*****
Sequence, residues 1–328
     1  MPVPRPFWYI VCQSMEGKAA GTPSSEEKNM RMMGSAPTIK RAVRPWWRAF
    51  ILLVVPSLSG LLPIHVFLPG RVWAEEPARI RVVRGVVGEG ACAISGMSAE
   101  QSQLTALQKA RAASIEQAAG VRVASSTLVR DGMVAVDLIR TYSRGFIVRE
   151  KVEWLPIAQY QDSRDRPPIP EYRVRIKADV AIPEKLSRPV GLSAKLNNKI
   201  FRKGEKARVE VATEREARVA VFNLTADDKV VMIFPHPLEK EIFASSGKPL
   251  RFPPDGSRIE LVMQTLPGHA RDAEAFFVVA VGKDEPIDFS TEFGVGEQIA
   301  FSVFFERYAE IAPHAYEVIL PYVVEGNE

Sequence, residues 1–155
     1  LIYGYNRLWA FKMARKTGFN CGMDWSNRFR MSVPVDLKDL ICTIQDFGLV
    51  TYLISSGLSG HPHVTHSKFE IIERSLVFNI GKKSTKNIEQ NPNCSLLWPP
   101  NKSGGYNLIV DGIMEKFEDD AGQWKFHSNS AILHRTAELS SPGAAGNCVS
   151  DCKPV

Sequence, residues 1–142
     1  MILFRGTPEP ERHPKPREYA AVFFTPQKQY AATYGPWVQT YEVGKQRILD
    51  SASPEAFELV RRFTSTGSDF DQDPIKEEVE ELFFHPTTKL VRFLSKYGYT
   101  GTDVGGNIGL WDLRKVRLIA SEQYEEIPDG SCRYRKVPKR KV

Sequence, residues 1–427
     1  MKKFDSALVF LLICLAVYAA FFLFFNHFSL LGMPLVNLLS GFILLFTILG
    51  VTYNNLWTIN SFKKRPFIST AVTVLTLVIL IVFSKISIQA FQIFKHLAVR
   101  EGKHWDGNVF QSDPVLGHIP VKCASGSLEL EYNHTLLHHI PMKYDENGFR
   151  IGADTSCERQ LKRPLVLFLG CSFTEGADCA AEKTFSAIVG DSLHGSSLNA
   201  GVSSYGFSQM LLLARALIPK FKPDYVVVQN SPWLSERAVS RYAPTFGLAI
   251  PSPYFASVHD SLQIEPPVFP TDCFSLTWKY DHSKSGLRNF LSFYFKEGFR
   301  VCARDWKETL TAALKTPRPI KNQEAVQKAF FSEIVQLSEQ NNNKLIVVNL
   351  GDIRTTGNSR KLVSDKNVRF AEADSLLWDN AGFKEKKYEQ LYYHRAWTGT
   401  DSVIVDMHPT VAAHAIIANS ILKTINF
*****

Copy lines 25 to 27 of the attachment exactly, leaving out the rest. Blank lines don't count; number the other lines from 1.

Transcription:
   301  VCARDWKETL TAALKTPRPI KNQEAVQKAF FSEIVQLSEQ NNNKLIVVNL
   351  GDIRTTGNSR KLVSDKNVRF AEADSLLWDN AGFKEKKYEQ LYYHRAWTGT
   401  DSVIVDMHPT VAAHAIIANS ILKTINF